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01.02.14

GNU/Linux Has Taken Over the Industry; Latest FUD is Denying That Something is ‘True’ GNU/Linux

Posted in GNU/Linux, Microsoft, Windows at 11:55 am by Dr. Roy Schestowitz

Summary: Diversity of brands makes the domination of GNU/Linux easy to overlook (goalposts are being moved)

GNU/Linux, especially as a type of advocacy magnet, is sort of passé because it is now a mainstream, highly-recognised entity with billions of dollars spent on it by corporations which rebrand it (e.g. Android, SteamOS). But advocacy of GNU/Linux is not dead. It’s just less necessary than before.

Last month was a “Very Linux Christmas,” [1] as one GNU/Linux advocate put it (others suggested migrating old PCs to GNU/Linux over Christmas [2]). There are all sorts of other advocacy posts like “Linux Nerd New Year’s Resolutions” [3] and “I have no intention of ending my relationships with Linux” [4]. In 2013 there we had “A Linux Christmas” [5], as SJVN (probably the most famous GNU/Linux advocate) put it [5]. Sean Kerner, another journalist and advocate of GNU/Linux, is sticking to his format of “Linux Top 3″ [6-8]. He used to write many individual articles about positive GNU/Linux news. He can no longer keep up and concentrate on individual stories.

It’s is clear that Linux is now embedded in almost everything [9], often with GNU, e.g. in Chromebooks and netbooks [10-12]. Dell, despite its strong connection to Microsoft, has got its own Linux-based operating system as well [13]. Compatibility across distributions is improving [14,15], so many of the old slurs and FUD don’t apply anymore. There are many indicators of GNU/Linux going mainstream for a lot of purposes, gaining at the expense of UNIX in the back room [16] and Windows on the desktop/main room [17,18]. Its security advantage (no back doors for starters) sure is helping [19], despite some fear-mongering [20]. It should not be shocking that funding goes towards independent publications that exclusively cover GNU/Linux [21] rather than troll GNU/Linux proponents for hits. The operating systems attracts people young [22] and old [23], seeding new branches [24,25] and gaining lots of positive publicity in the corporate press [26], not just sites of GNU/Linux advocates [27].

Those who somehow insist that GNU/Linux makes no progress (those people do exist) are unhinged from facts simply because the “G” word and “L” words are spoken less often than “Android” or “Chromebooks”, for example. This has actually evolved to become a very common FUD argument — something along the “Chrome OS is not really Linux” (even though it certainly is and Microsoft's response speaks volumes).

Related/contextual items from the news:

  1. A Very Linux Christmas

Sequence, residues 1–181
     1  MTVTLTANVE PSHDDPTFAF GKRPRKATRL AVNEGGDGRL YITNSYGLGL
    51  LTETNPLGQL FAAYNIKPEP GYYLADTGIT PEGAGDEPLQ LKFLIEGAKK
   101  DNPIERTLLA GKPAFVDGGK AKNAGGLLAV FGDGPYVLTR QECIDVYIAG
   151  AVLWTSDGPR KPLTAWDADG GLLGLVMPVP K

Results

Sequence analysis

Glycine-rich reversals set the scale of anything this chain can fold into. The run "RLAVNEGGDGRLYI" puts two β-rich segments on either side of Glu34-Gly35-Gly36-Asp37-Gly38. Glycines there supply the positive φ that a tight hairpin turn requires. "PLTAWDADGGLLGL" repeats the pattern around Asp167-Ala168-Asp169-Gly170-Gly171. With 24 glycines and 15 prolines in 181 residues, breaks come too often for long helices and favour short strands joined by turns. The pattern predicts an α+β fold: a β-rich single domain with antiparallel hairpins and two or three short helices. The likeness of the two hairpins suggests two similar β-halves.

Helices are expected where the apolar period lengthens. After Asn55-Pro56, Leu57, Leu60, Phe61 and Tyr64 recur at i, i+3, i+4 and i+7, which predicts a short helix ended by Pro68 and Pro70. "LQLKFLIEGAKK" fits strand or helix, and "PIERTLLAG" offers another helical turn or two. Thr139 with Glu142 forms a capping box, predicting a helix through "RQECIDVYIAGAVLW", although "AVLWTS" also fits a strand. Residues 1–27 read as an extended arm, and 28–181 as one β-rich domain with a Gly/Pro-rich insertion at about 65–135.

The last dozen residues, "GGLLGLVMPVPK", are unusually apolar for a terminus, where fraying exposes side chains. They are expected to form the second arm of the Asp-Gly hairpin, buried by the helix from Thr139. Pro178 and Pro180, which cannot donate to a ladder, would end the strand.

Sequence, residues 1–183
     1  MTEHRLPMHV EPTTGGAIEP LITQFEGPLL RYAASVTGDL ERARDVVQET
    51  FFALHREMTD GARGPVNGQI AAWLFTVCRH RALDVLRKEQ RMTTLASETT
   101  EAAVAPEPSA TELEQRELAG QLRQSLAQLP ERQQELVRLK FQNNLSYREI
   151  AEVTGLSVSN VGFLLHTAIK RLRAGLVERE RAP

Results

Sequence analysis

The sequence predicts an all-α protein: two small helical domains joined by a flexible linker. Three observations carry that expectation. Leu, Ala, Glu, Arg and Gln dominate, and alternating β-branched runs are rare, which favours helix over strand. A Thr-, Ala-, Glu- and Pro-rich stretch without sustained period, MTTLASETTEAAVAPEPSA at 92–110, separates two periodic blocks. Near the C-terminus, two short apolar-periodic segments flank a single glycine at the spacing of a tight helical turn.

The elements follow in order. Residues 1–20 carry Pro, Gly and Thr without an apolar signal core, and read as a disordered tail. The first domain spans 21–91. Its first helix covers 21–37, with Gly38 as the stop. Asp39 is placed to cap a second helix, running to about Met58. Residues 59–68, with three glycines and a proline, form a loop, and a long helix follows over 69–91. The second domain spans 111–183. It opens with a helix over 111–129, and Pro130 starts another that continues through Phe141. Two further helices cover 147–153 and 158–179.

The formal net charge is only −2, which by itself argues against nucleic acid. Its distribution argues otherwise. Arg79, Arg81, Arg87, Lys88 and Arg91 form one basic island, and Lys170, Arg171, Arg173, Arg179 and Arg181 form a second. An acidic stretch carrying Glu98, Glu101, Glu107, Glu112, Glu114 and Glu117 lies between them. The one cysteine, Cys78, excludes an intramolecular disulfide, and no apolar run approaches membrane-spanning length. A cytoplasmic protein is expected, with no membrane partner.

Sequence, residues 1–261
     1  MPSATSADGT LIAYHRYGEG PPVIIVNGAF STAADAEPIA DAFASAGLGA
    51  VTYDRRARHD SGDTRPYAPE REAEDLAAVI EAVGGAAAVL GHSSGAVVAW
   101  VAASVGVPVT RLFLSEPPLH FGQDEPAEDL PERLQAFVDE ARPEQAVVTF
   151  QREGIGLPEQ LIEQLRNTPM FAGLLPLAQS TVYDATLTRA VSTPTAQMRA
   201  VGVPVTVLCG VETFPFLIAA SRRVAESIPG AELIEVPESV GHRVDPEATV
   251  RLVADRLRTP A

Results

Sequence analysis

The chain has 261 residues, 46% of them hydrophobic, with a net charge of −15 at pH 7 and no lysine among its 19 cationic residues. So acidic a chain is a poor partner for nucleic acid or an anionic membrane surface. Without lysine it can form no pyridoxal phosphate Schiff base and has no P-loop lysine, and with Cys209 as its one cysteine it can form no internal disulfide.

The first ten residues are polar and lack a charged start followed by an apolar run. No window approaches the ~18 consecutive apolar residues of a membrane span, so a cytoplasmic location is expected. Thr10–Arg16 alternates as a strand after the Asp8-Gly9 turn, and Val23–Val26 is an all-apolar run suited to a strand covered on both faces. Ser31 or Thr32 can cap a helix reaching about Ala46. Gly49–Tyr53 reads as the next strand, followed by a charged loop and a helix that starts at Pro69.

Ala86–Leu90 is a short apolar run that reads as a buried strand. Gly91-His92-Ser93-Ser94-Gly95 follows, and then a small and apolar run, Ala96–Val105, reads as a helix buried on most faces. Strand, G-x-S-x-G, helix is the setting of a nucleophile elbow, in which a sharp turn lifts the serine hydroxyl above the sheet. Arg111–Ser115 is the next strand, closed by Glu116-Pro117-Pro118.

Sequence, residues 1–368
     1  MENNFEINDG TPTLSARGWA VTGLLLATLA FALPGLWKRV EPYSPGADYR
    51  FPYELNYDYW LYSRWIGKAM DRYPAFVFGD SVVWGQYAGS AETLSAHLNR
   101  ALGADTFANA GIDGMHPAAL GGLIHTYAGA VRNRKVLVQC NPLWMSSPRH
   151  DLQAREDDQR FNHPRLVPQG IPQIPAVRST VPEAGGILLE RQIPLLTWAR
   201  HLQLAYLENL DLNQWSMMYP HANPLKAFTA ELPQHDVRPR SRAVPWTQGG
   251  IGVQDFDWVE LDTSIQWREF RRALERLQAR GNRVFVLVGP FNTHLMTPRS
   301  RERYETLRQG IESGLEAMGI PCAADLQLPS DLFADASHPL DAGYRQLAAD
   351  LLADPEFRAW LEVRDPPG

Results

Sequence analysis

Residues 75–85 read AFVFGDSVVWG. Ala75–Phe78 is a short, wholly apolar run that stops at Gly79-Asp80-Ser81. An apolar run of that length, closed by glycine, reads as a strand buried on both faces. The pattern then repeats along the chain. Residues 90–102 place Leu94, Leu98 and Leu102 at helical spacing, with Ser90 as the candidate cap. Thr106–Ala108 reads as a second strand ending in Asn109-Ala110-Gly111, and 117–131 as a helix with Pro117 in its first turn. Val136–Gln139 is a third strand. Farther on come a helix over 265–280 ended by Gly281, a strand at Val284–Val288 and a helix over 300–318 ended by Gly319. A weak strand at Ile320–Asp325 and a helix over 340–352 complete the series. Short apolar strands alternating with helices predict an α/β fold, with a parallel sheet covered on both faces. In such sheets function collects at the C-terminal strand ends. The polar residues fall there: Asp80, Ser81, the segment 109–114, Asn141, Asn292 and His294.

2. Paint an old toy for Christmas, revive an old PC with Linux.
  3. Linux Nerd New Year’s Resolutions
  4. I have no intention of ending my relationships with Linux
  5. 2013: A Linux Christmas

    Sales information for the 2013 holidays shows another successful season for Amazon. That’s no surprise. What may surprise some is how often Linux-powered electronics appeared at the top of Amazon buyers’ list.

  6. Linux Top 3: Fedora Heisenbug, Sabayon 14.01 Adds Steam and Linux Mint 16 KDE
  7. Linux Top 3: SteamOS, Chromebooks and Ubuntu Edge
  8. Linux Top 3: RHEL 6.5, openSUSE 13.1 and Linux 3.13 RC1
  9. Linux is Everything. We show you exactly where

    ”Linux is Everywhere. From Space Stations to Microwave Ovens, Linux powers everything.” You might have heard that a lot and have always wondered ” Is that just a phrase or is it actually true ? “ Be assured, it is true. World’s biggest companies use Linux in one way or another but you are not going to believe unless I take names. Well, get ready for a roller coaster ride across the globe where I show you where and how Linux is used

  10. Chromebooks Find Success Over the Holidays

    …while market research findings have been very bleak for PCs and PC equipment makers, Chromebooks–portable computers based on Google’s Chrome OS platform–have continued to sell, although we continue to see stories online like “Why there’s no good reason to buy a Chromebook.” Just recently, a bunch of big hardware makers have either delivered Chromebooks or announced plans to deliver them. HP, Lenovo, Acer and Samsung are among vendors with sub-$300 Chromebooks, and Dell is about to join the ranks. But debate has swirled over whether the devices are really selling well.

  11. Chromebooks charge into business market, capture 20% of commercial notebooks